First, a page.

Margaret Hoelzer spoke to Associated Press offering points of view regarding the sex abuse crisis that USA Swimming is facing. She is also offering her services to help USA Swimming develop strategies to prevent it and I commend her for that; it takes a lot of courage and a lot of one's time to put your name on a policy. However, I would prefer a victim of coach abuse like Deena Deardurff who met the predator, suffered by them, and has probably reviewed it 100's of times what she could have done differently. An opportunity like this could bring some excellent ideas to the table and probably bring closure as well.
The first two sentences of the article suggests to me that Hoelzer is essentially basing her opinions on what she believes or what she was told rather than statistical data provided by an independent party and what she believes is that sex abuse within USA Swimming is no greater than any other kids activity.
I disagree; and even if I am wrong it still has to be treated as if a cancerous tumor has been detected.
No one knows the extent of sexual abuse cases within the USA Swimming ranks, which includes a superstar swimmer like a Margaret Hoelzer for many victims don't come forward. Just look at the rape statistics, domestic abuse cases or cases of incest.
To get an accurate assessment one has to ask how many of these cases were reported versus how many that were not and nobody is going to know that number.
Hence, the safest policy is to treat these cases like they a "cockroach" on the floor in or a rat in the attic. i.e. If you see or hear one, there are always dozens more. Doing damage control that seems to put the dampen the severity "put into context" is bad PR move and pisses people off.
USA Swimming has to own that they have been "asleep at the wheel" and quit diminishing this problem with phrases and statistics. They need to act FAST!
From Associated Press:
Margaret Hoelzer has mixed feelings about the sexual abuse allegations that are rocking her sport.
On the one hand, the three-time Olympic medalist doesn't believe the problem is more widespread in swimming than it is in other sports — or society in general, for that matter.
I have had three coaches send me stuff I can't print. One of which is on hold which is regarding a DA and the FBI in the King Case who had one heck of an idea!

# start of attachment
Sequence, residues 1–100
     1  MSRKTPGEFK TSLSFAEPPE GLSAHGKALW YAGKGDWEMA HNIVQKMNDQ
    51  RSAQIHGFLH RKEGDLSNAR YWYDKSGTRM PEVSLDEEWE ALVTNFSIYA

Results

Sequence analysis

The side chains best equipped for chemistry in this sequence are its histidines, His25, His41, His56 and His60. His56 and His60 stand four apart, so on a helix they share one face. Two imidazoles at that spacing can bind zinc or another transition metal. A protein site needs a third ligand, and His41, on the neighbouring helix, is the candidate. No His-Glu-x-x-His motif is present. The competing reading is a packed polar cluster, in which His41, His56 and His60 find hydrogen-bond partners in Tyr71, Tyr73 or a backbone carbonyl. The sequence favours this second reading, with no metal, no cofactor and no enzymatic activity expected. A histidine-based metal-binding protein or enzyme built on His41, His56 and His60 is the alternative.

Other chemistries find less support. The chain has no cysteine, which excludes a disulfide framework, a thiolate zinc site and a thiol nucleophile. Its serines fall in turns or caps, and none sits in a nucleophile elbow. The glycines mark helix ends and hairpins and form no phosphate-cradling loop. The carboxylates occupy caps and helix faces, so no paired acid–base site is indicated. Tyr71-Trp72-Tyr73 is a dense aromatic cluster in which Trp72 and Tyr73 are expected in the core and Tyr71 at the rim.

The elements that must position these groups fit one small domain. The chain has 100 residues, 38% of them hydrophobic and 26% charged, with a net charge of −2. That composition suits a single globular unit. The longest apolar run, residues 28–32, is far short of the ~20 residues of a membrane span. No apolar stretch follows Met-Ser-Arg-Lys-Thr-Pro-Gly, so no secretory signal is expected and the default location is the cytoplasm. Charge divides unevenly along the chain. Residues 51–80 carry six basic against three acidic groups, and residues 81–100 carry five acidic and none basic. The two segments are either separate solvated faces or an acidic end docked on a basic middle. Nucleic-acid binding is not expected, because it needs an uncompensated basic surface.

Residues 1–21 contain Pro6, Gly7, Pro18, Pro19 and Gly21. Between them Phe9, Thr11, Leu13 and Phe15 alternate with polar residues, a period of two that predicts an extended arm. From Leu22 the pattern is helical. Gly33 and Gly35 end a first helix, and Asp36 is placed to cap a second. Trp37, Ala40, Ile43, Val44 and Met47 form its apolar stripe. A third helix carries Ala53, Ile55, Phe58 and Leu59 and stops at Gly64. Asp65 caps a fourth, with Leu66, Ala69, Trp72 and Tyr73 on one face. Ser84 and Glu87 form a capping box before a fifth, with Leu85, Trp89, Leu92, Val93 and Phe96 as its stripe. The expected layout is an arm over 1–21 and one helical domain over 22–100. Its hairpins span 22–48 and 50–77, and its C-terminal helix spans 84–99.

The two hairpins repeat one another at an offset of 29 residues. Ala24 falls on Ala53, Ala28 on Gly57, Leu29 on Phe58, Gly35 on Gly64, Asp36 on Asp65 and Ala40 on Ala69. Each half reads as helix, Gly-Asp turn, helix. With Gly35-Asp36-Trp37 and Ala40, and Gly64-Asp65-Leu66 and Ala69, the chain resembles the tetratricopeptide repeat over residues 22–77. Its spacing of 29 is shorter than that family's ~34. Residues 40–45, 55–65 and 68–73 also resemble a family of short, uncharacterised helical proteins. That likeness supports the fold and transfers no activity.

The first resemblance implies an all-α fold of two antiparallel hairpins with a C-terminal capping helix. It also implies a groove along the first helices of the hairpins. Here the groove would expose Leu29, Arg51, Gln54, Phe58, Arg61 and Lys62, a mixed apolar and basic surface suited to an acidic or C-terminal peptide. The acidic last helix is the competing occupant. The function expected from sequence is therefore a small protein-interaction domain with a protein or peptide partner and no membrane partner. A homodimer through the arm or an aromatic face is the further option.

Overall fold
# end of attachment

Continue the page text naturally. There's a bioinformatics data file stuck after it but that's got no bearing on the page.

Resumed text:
One coach told me stories of two victims of Coach and Olympian, ***** ****, in California and how astonished he was that the families; (plural), would not file against him even when one of the kids became pregnant, they would just leave swimming all together and never returned. He referenced one famous coach who never got caught.
This is a problem, but abuse takes many forms: one coach written about in Swimming World this week did something which I find to be so macabre and offensive, I can't believe parents are not complaining. If I was a kid and was made to do this, I would never swim a 500 SCY again.
From Swimming World:
"... On Saturday, one week after the accident; [She passed away -- Tony], was Natalie's 17th birthday. Natalie's favorite race was the 500, so Coleman decided the team would do a set in honor of Natalie's birthday. The set was 17 x 500s, 17 for her age, and 500 being her favorite race. According to Coleman, her goal for the past few years has been to break the five-minute mark in that race, a goal that would remain unmet. So, Coleman challenged her teammates to do it for her. On the 17th 500, Coleman pulled his swimmers out of the water and told all of them to try to break 5 minutes for Natalie. After a long, exhausting set, one of her teammates was able to complete the challenge. Fifteen-year-old Jack Iotte finished the last 500 in a 4:58 and had met Natalie's goal for her. ..."
Maybe this commemoration wasn't a forced set but in my opinion it is not healthy. Kids who are 15-years-old are suppose to be going to graduations, concerts and dances, not funerals or doing 17x500s as a way to grieve. I suspect a sports psychologist may agree; any out there?
These topics, such as punishment sets, or grief sets have to be addressed too.